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Roads Of Morning
by [?]

My grandfather’s farm lay somewhere this side of the sunset, so near that its pastures barely missed the splash of color. But from the city it was a two hours’ journey by horse and phaeton. My grandfather drove. I sat next, my feet swinging clear of the lunchbox. My brother had the outside, a place denied to me for fear that I might fall across the wheel. When we were all set, my mother made a last dab at my nose–an unheeded smudge having escaped my vigilance. Then my grandfather said, “Get up,”–twice, for the lazy horse chose to regard the first summons as a jest. We start. The great wheels turn. My brother leans across the guard to view the miracle. We crunch the gravel. We are alive for excitement. My brother plays we are a steamboat and toots. I toot in imitation, but higher up as if I were a younger sort of steamboat. We hold our hands on an imaginary wheel and steer. We scorn grocery carts and all such harbor craft. We are on a long cruise. Street lights will guide us sailing home.

Of course there were farms to the south of the city and apples may have ripened there to as fine a flavor, and to the east, also, doubtless there were farms. It would be asking too much that the west should have all the haystacks, cherry trees and cheese houses. If your judgment skimmed upon the surface, you would even have found the advantage with the south. It was prettier because more rolling. It was shaggier. The country to the south tipped up to the hills, so sharply in places that it might have made its living by collecting nickels for the slide. Indeed, one might think that a part of the city had come bouncing down the slope, for now it lay resting at the bottom, sprawled somewhat for its ease. Or it might appear–if your belief runs on discarded lines–that the whole flat-bottomed earth had been fouled in its celestial course and now lay aslant upon its beam with its cargo shifted and spilled about.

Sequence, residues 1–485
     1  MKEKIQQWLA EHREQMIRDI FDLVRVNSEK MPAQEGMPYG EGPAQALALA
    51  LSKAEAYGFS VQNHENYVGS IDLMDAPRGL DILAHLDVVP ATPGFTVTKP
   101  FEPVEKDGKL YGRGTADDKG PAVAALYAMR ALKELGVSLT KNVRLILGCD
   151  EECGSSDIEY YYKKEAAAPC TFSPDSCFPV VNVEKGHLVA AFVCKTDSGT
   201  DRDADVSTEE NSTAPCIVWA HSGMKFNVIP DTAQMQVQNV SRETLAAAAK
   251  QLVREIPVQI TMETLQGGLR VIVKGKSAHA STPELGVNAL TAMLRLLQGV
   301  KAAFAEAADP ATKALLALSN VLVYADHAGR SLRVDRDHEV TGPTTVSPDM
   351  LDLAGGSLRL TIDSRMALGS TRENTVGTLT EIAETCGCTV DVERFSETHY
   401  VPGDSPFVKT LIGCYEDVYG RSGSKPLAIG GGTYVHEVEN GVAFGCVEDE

The city streets that led to the south, which in those days ended in lanes, popped out of sight abruptly at the top of the first ridge. And when the earth caught up again with their level, already it was dim and purple and tall trees were no more than a roughened hedge. But what lay beyond that range of hills–what towns and cities–what oceans and forests–how beset with adventure–how fearful after dark–these things you could not see, even if you climbed to some high place and strained yourself on tiptoe. And if you walked from breakfast to lunch–until you gnawed within and were but a hollow drum–there would still be a higher range against the sky. There are misty kingdoms on this whirling earth, but the ways are long and steep.

The lake lay to the north with no land beyond, the city to the east. But to the west–

Several miles outside the city as it then was, and still beyond its clutches, the country was cut by a winding river bottom with sharp edges of shale. Down this valley Rocky River came brawling in the spring, over-fed and quarrelsome. Later in the year–its youthful appetite having caught an indigestion–it shrunk and wasted to a shadow. By August you could cross it on the stones. The uproar of its former flood was marked upon the shale and trunks of trees here and there were wedged, but now the river plays drowsy tunes upon the stones. There is scarcely enough movement of water to flick the sunlight. A leaf on its idle current is a lazy craft whose skipper nods. There were hickory trees on the point above. May-apples grew in the deep woods, and blackberries along the fences. And in the season sober horses plowed up and down the fields with nodding heads, affirming their belief in the goodness of the soil and their willingness to help in its fruition.